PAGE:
Charleston Man Pleads Guilty to Defrauding Charitable Non-Profit
For Immediate Release
U.S. Attorney's Office, Southern District of West Virginia
CHARLESTON, W.Va. – Benjamin Cisco, 30, of Charleston, pleaded guilty today to two counts of wire fraud. Cisco admitted to defrauding a charitable non-profit organization of $871,288.34 intended for suffering West Virginians.
According to court documents and statements made in court, from about March 19, 2020, through about September 28, 2022, Cisco devised and executed his scheme to defraud the charitable non-profit organization while employed as its finance and operations manager in Belle and Charleston. Through his position, Cisco had control over the victim charity’s finances and access to its debit cards, and regularly worked with its accountant. Cisco’s duties included preparing the victim charity’s biweekly payroll, depositing payments into its bank accounts and providing its Board of Directors with updates regarding its finances.
Cisco admitted that his fraud scheme followed a two-step process. First, Cisco electronically transferred money from the victim charity’s debit cards to its account with the Flipcause crowd-funding platform, which recorded those transfers as donations. Second, Cisco electronically transferred money from the victim charity’s Flipcause account to his personal bank account, which he had falsely labeled as belonging to the victim charity.
Cisco admitted that these fraudulent transactions included electronic transfers from the victim charity’s Flipcause account to his personal bank account of $4,724 on January 28, 2022, and $2,874 on May 6, 2022. Both transfers traveled in interstate commerce between Charleston, West Virginia, and California. Cisco further admitted to executing the fraudulent two-step process more than 100 times.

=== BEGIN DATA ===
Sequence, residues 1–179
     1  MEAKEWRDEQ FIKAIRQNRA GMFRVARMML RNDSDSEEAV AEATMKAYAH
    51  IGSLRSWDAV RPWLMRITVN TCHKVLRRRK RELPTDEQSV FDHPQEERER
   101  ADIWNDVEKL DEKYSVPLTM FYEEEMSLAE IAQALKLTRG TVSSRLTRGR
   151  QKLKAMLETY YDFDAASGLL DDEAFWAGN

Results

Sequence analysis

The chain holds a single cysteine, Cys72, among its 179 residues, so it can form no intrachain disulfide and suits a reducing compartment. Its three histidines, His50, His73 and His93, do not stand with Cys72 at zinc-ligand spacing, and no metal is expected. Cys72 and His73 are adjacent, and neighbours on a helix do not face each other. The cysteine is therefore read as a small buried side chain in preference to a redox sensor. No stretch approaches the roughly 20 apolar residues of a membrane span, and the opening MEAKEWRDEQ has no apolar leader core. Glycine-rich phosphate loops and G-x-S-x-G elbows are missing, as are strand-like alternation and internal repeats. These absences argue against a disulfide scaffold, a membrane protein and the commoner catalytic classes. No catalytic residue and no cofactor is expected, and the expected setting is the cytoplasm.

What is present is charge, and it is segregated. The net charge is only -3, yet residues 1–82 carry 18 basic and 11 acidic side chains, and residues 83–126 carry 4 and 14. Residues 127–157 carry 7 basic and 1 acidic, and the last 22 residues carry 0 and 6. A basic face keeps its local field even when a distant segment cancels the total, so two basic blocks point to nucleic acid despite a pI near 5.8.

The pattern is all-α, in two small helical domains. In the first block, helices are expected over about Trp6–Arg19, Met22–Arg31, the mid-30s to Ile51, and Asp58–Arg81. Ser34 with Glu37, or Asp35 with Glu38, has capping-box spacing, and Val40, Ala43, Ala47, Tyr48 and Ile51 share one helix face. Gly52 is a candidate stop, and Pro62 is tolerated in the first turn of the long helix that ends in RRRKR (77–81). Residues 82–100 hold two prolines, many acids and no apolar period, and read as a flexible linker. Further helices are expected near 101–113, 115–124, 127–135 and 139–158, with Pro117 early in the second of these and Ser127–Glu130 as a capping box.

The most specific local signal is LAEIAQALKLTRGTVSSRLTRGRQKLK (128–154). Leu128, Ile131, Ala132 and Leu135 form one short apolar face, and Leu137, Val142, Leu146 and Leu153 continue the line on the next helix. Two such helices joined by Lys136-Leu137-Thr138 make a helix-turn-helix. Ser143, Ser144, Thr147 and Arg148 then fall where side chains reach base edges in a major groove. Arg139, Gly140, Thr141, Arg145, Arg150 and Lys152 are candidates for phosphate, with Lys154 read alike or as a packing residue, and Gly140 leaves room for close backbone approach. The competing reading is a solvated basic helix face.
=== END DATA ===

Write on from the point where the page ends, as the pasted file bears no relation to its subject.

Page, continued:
Cisco’s fraudulent scheme specifically caused at least $518,101.70 of loss to the victim charity. Cisco also admitted to defrauding the victim charity of an additional $285,626.64 in travel reimbursements he was not authorized to receive and $67,560 by purchasing gift cards with victim charity funds without authorization. The total loss is $871,288.34.
Cisco is scheduled to be sentenced on September 13, 2023, and faces a maximum penalty of 40 years in prison, three years of supervised release, and a $500,000 fine. He also owes $871,288.34 in restitution.
United States Attorney Will Thompson made the announcement and commended the investigative work of the Federal Bureau of Investigation (FBI).
Chief United States District Judge Thomas E. Johnston presided over the hearing. Assistant United States Attorneys Holly Wilson and Erik S. Goes are prosecuting the case. Assistant United States Attorney Kathleen Robeson contributed to the case.
A copy of this press release is located on the website of the U.S. Attorney’s Office for the Southern District of West Virginia. Related court documents and information can be found on PACER by searching for Case No. 2:23-cr-25.
Updated May 23, 2023